In my view, then, whenever a claim is made under the proportionate penalty provision of Article 1, § 16 as is done in this case, the primary issue is whether or not the model or gauge crime proffered to the court affords the court with a valid basis for comparison. It is the relationship between the nature of the crime of conviction and the nature of the gauge crime which is at the heart of the matter. In order to provide a valid basis for comparison, the two crimes should involve criminal conduct and harm to the victim or to society of the same or substantially the same character. For example, in the case of Dembowski, supra, the two crimes being compared were simple robbery and armed robbery. In both crimes the act and harm are substantially the same type, and dissimilarities between them pointing up only variances in the degree of violence in the conduct and the degree of risk of physical injury to the victim. In Hollars, supra, we were asked to compare forgery and assault and battery with intent to kill. There the dissimilarities between criminal conduct and harm involved in the two offenses were so great that comparison was rendered too speculative and the Court in effect rejected the model or gauge crime as a valid basis for comparison.
In the case at bar the crime of which appellant was convicted is conspiracy to commit a felony, to-wit: second degree burglary, and the penalty provided is two to fourteen years. The gauge crime supplied by appellant's argument is second degree burglary and the penalty provided for it is two to five years. In my view second degree burglary is a valid gauge crime for the purposes of comparison. A second degree burglary-theft is a breaking and entering into a building not a residence with intent to steal. A conspiracy to commit a second degree burglary-theft is a combination and agreement of two or more persons to commit a second degree burglary-theft coupled with some cooperative conduct on their part. DeVault v. State (1970), 254 Ind. 546, 261 N.E.2d 232; Robertson v. State (1952), 231 Ind. 368, 108 N.E.2d 711. The harm to society by the perpetration of these two crimes is the same. Both operate to divest some citizen of his money or goods by an actual taking from some building not used as a residence. The difference in the harms here is only that the harm in the one is potential while in the other it is actual. The differences in the criminal conduct involved in the two offenses does not prohibit valid comparison. Both crimes may be committed by two or more persons in concert. The acts constituting both crimes are done with like intent. In the completed crime of second degree burglary all steps necessary to its completion have occurred. In the conspiracy all steps are contemplated but only one has been taken, and that step has been taken as the first in a series which will culminate in the completed burglary.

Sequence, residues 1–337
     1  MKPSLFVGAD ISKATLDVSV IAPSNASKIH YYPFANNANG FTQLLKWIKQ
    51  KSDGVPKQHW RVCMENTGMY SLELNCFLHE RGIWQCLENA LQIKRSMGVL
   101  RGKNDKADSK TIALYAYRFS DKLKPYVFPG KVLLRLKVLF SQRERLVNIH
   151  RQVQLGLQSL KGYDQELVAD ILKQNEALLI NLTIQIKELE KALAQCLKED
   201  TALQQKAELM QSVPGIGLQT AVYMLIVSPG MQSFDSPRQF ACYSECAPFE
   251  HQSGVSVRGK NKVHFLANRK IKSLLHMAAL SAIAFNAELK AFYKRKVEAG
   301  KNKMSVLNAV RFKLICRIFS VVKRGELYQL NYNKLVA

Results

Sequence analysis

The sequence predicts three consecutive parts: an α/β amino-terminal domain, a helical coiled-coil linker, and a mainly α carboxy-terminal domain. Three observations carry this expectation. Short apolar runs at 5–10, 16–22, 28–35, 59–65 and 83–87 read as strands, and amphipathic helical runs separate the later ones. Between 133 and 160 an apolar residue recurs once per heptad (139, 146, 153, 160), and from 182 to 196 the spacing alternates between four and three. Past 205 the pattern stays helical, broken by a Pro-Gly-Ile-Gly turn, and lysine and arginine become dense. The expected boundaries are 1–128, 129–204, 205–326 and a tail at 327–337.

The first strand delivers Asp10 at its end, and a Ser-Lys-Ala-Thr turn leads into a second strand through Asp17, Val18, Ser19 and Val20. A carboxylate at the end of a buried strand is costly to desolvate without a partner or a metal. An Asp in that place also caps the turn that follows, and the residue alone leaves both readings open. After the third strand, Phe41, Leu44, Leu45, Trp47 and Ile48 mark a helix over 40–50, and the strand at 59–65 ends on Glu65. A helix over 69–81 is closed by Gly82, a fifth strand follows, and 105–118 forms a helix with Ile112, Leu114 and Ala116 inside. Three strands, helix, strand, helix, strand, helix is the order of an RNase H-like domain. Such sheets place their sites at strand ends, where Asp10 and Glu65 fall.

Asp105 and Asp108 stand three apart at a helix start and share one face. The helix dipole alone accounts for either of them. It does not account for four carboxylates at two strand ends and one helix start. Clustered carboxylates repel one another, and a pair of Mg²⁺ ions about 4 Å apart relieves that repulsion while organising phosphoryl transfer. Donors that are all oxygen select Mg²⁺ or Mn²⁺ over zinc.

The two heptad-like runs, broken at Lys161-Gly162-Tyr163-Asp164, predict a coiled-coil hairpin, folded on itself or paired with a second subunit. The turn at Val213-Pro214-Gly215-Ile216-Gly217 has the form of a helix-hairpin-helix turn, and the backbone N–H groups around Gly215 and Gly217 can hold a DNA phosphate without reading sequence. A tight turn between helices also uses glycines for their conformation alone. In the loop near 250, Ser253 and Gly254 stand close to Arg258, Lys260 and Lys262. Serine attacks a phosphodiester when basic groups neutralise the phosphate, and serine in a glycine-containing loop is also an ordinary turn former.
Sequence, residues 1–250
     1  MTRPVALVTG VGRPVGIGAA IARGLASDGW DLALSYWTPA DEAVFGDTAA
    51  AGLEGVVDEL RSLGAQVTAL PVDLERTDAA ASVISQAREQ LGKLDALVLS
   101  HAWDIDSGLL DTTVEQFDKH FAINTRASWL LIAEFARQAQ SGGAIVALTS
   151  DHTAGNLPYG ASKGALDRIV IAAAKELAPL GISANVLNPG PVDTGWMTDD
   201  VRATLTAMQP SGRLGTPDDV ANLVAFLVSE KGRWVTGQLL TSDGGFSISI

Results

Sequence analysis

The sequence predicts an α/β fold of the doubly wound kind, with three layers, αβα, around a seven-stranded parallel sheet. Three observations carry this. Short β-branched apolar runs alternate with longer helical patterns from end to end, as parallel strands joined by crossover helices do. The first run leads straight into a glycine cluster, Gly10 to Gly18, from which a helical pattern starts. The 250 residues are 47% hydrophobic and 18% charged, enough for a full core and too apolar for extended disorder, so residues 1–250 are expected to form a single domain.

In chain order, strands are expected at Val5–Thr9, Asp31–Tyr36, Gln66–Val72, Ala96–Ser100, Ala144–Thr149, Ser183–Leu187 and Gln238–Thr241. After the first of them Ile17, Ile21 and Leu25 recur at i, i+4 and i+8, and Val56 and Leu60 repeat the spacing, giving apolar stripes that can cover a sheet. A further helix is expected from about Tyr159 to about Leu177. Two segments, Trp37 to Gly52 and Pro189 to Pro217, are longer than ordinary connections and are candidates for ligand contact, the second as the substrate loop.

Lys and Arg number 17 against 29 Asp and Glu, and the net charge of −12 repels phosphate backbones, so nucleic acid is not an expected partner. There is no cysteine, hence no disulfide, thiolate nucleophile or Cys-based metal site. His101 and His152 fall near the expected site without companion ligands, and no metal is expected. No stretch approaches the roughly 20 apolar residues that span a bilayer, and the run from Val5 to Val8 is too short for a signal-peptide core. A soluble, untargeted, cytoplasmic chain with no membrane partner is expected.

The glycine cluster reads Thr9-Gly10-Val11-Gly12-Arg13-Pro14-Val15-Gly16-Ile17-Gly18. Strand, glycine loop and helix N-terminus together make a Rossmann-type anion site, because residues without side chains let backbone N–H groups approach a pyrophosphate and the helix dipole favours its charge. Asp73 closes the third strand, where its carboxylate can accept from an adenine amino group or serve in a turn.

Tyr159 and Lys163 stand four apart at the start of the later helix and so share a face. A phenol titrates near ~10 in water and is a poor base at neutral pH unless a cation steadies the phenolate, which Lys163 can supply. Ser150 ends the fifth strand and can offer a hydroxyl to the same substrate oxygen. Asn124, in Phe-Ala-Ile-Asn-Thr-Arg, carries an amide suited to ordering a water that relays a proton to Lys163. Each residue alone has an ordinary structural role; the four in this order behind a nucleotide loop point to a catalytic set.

*263 Comparing then, these two offenses, I conclude that second degree burglary is a greater offense than conspiracy to commit second degree burglary, and that Art. 1, § 16 of the Indiana Constitution prohibits the imposition of a penalty for conspiracy to commit second degree burglary greater than the penalty for second degree burglary.